Protecting Significant Fen Habitat

Protecting Significant Fen Habitat

By April Mathes, Ontario Nature’s Stewardship Coordinator

Ontario Nature is fortunate to own one of the finest shoreline fens in all of Ontario – Petrel Point Nature Reserve on the Bruce Peninsula at the shores of Lake Huron. The nature reserve consists of a bed of wet sand overlying limestone bedrock. Slight changes in elevation in the fen separate distinct communities of plants, many of them rare. “A garden of wildflowers” is a turn of phrase that recurs often in descriptions of Petrel Point. The wonderful sprinklings of pink, mauve, red, blue and yellow that fill the fen through the seasons can only inspire a passion for nature.

Fens are a type of wetland (also known as meadow marshes) characterized by a high water table with slow internal drainage by seepage down low gradients. Fens are not as low in nutrients as bogs and as a result, are more productive. The Petrel Point fen is a hospitable home to many unusual wildflowers because what would typically be acidic groundwater that keeps it constantly wet is actually basic. This is due to the calcium in the limestone bedrock that the percolating groundwater passes through. Clear evidence of this is the accumulation of marl precipitate, a ghostly white muck lying at the bottom of the fen’s shallow pools of standing water.

Petrel Point is part of a Life Science Area of Natural and Scientific Interest (ANSI) and a Provincially Significant Wetland. A portion of the property is a scientific reserve and is off-limits to visitors. Due to the delicacy of the plant life in the open fen, visitors can explore the remainder of the reserve only from the walkways provided.

A constant concern at Petrel Point Nature Reserve has been the impact of drainage created for nearby cottage developments and roads. Areas of the fen may be drier than normal during the summer months because of increased drainage, and this in turn may be affecting the very character of these portions of the fen. Additional research is necessary to determine the effect that the development is having on this unique wetland.

Other stewardship concerns include people picking wildflowers, trampling vegetation for photography (particularly orchids) and leaving the boardwalk. With Ontario Nature’s help, several nature reserve neighbours have joined to form a local stewardship group in the hopes of establishing a presence on the property so as to encourage visitors to respect the permitted uses while educating them about the importance of the fen ecosystem. The volunteer stewards will also help undertake an ecological monitoring program on the property.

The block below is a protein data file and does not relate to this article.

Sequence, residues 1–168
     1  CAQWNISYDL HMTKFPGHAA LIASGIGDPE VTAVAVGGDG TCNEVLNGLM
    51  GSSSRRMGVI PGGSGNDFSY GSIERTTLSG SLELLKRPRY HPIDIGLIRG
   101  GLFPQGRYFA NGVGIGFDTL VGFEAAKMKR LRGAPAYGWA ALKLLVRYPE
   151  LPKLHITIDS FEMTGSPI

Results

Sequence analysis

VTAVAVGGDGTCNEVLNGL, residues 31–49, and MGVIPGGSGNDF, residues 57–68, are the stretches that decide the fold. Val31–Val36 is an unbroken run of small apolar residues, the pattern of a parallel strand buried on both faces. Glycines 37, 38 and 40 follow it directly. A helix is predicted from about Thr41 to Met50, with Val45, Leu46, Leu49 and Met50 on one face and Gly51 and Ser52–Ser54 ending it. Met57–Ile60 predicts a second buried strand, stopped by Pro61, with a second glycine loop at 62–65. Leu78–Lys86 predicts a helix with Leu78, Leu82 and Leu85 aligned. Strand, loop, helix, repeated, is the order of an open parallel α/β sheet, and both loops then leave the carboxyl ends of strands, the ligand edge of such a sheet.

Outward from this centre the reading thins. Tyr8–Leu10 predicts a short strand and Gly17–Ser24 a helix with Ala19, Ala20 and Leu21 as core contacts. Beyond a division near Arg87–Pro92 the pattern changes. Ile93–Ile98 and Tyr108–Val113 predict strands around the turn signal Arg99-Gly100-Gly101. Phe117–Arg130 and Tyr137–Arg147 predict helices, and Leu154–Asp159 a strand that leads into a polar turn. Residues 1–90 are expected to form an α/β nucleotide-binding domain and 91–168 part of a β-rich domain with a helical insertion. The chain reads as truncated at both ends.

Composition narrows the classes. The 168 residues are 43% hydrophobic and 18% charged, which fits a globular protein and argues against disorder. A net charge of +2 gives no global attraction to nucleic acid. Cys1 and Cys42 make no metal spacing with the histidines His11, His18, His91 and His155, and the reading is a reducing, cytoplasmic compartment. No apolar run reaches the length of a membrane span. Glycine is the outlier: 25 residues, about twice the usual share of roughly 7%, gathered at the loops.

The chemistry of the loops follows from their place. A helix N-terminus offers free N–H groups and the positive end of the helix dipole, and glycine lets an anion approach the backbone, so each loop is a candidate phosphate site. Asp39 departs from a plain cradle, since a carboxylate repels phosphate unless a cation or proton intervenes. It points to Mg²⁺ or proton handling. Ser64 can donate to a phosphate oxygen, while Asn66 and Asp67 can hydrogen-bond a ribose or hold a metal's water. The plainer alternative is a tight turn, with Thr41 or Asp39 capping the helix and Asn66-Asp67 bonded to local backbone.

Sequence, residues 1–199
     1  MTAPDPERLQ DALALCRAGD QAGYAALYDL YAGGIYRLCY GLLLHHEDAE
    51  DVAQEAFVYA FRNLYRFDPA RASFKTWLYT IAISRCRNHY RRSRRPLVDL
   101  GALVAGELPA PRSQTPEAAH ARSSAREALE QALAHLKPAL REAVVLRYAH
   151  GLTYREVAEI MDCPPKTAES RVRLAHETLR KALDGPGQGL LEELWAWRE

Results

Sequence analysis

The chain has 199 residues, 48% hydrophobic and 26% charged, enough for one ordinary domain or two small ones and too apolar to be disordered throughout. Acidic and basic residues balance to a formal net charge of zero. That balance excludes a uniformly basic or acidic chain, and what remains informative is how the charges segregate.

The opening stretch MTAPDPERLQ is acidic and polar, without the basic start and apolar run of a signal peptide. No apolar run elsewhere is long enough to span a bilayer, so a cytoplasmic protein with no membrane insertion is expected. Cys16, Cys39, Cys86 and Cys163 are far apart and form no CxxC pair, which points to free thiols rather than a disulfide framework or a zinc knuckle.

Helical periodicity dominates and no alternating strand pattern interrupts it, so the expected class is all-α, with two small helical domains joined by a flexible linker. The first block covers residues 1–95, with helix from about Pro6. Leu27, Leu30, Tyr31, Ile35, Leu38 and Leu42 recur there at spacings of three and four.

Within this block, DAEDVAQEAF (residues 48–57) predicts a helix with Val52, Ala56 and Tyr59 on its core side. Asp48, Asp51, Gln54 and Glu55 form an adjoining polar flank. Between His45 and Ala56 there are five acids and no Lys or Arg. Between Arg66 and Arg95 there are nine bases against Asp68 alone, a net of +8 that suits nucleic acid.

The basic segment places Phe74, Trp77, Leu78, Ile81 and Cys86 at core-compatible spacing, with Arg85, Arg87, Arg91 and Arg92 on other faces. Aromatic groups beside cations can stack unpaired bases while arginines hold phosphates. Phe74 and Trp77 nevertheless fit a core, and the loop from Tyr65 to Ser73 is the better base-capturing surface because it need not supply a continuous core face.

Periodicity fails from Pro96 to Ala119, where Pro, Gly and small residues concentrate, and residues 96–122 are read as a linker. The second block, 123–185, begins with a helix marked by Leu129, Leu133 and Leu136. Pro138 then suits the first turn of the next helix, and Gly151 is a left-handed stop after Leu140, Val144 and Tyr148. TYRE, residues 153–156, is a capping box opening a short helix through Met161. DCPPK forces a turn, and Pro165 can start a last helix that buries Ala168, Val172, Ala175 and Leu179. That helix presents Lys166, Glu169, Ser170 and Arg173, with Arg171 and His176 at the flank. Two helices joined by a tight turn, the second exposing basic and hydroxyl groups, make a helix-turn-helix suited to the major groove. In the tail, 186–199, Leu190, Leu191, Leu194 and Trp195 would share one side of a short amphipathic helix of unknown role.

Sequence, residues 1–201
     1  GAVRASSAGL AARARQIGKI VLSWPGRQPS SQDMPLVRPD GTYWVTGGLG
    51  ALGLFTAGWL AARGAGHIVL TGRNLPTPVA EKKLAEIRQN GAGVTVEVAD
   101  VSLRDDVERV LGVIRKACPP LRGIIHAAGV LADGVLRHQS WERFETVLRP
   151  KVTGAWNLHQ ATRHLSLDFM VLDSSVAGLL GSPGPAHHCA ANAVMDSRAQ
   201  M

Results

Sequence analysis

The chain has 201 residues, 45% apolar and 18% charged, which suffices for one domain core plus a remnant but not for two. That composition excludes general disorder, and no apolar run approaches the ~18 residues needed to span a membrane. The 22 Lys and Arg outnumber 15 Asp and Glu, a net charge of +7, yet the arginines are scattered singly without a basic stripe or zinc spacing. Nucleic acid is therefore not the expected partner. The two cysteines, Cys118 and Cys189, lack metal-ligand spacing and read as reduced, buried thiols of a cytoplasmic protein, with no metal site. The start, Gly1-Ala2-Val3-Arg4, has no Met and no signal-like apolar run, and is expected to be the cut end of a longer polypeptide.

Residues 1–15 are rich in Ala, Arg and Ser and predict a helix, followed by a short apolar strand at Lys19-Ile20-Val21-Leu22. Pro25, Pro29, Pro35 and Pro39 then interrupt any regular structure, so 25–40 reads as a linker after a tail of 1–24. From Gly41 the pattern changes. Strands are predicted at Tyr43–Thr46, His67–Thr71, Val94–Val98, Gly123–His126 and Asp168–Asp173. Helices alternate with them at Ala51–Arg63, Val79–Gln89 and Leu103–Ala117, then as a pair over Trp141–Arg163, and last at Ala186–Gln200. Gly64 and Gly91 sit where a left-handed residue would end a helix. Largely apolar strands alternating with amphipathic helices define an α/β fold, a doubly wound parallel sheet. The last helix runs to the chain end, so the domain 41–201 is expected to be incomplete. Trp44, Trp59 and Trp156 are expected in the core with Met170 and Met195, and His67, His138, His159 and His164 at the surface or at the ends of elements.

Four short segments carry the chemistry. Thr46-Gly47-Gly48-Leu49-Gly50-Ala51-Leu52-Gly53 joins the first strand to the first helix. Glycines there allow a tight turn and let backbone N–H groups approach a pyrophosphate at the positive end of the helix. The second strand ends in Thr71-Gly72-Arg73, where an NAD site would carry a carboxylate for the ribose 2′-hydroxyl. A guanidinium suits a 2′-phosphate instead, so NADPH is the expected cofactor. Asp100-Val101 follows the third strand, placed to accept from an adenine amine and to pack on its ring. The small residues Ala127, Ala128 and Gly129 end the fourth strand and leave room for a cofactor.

Ontario Nature has taken several proactive measures to address these concerns including developing interpretive signs to educate visitors about the significance and fragility of the fen. Also, additional sections of boardwalk have been constructed with the help of volunteers from our Volunteer for Nature working vacations program. This allows people to visit more of the nature reserve, while protecting its significant features.

Back in 1961, Ontario Nature started what is now one of Ontario’s largest member-owned nature reserve systems. With 21 properties totalling over 1,900 hectares (4,800 acres), the system preserves some of the province’s best remaining examples of imperilled and vulnerable habitats. You can check out Petrel Point and our other nature reserves on our

Volunteer for Nature is a provincial conservation program designed in partnership between Ontario Nature and the Nature Conservancy of Canada. Conservation volunteers work outdoors and learn new skills while working alongside experts in the field.Wetlands are restored, habitat is created, hiking trails are maintained, surveys are conducted and species-at-risk are monitored – all through the efforts of volunteers.

For more information, contact April Mathes, Ontario Nature’s Stewardship Coordinator, at 416.444.8419 x 264 or




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Images courtesy of Steven Huyser-Honig,
West Grand Boulevard Collaborative, & Yellow Dog Watershed Preserve.